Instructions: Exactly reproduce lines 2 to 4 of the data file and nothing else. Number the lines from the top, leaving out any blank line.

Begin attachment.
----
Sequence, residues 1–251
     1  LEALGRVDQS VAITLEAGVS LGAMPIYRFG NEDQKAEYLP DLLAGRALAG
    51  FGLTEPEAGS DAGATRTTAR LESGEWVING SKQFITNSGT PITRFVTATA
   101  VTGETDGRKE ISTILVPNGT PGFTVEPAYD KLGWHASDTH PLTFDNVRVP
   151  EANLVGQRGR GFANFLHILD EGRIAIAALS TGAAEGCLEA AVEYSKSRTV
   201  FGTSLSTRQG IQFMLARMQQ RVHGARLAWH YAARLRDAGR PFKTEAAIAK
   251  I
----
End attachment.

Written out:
     1  LEALGRVDQS VAITLEAGVS LGAMPIYRFG NEDQKAEYLP DLLAGRALAG
    51  FGLTEPEAGS DAGATRTTAR LESGEWVING SKQFITNSGT PITRFVTATA
   101  VTGETDGRKE ISTILVPNGT PGFTVEPAYD KLGWHASDTH PLTFDNVRVP